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October 30th, 2018 / Phys.org

In the most recent battle in the unending war between farmers and bugs, the bugs are biting back by adapting to crops genetically engineered to kill them.

A new study published in the Proceedings of the National Academy of Sciences identifies a dominantly inherited mutation that confers resistance to engineered cotton in caterpillars of the cotton bollworm, one of the world’s most destructive crop pests. The study’s cutting-edge use of genomics and gene editing signals a new era in global efforts to promote more sustainable pest control.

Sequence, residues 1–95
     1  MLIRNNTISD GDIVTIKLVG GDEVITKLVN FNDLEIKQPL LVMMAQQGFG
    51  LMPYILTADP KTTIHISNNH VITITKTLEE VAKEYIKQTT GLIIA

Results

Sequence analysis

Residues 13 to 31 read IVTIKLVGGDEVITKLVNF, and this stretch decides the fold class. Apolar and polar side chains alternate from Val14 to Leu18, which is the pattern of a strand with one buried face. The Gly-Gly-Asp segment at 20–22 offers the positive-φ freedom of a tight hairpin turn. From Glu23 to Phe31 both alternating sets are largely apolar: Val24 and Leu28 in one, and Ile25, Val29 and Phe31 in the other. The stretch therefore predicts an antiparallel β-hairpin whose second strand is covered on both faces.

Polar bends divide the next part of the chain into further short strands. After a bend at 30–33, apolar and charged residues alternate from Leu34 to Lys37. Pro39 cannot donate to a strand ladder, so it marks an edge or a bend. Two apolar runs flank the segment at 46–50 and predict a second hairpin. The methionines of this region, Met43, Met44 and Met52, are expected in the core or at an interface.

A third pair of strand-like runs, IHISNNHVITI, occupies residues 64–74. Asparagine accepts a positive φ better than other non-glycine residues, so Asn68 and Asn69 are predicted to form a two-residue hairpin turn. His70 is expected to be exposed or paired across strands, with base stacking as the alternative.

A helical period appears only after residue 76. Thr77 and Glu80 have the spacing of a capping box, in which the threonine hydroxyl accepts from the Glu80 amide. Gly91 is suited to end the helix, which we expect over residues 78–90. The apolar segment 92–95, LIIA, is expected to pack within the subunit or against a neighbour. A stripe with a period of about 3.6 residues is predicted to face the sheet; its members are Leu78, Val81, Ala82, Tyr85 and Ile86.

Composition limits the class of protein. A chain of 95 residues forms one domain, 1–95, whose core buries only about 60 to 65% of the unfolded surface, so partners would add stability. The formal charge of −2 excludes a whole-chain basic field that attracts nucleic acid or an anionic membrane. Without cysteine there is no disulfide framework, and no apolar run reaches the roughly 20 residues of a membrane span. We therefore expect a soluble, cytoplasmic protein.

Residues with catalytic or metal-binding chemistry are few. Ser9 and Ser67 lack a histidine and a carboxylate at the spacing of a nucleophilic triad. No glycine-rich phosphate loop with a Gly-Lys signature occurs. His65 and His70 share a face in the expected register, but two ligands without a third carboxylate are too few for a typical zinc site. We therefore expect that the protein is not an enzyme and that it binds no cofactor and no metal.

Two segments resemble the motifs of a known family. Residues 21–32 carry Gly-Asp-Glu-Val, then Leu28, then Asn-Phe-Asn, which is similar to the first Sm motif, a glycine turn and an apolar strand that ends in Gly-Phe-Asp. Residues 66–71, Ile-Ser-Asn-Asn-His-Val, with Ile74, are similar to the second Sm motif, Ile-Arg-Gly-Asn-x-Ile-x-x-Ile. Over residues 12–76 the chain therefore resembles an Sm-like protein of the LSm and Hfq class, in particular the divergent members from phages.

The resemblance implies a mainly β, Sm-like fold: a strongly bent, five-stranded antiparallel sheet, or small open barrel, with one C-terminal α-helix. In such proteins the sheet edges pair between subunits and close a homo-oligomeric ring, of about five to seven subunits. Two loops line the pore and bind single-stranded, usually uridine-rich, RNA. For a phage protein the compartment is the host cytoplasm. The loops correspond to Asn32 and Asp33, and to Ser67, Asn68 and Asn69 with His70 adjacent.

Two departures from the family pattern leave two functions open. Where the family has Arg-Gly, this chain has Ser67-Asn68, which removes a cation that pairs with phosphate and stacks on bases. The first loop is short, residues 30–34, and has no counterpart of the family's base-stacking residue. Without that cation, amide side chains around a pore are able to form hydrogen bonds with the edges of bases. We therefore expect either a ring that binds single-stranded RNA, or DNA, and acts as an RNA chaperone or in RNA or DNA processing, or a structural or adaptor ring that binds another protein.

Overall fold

Cotton, corn and soybean have been genetically engineered to produce pest-killing proteins from the widespread soil bacterium Bacillus thuringiensis, or Bt. Non-toxic to people and wildlife including bees, these environmentally friendly Bt proteins have been used in sprays by organic growers for more than 50 years and in engineered Bt crops planted by millions of farmers worldwide on a cumulative total of more than two billion acres since 1996. Read more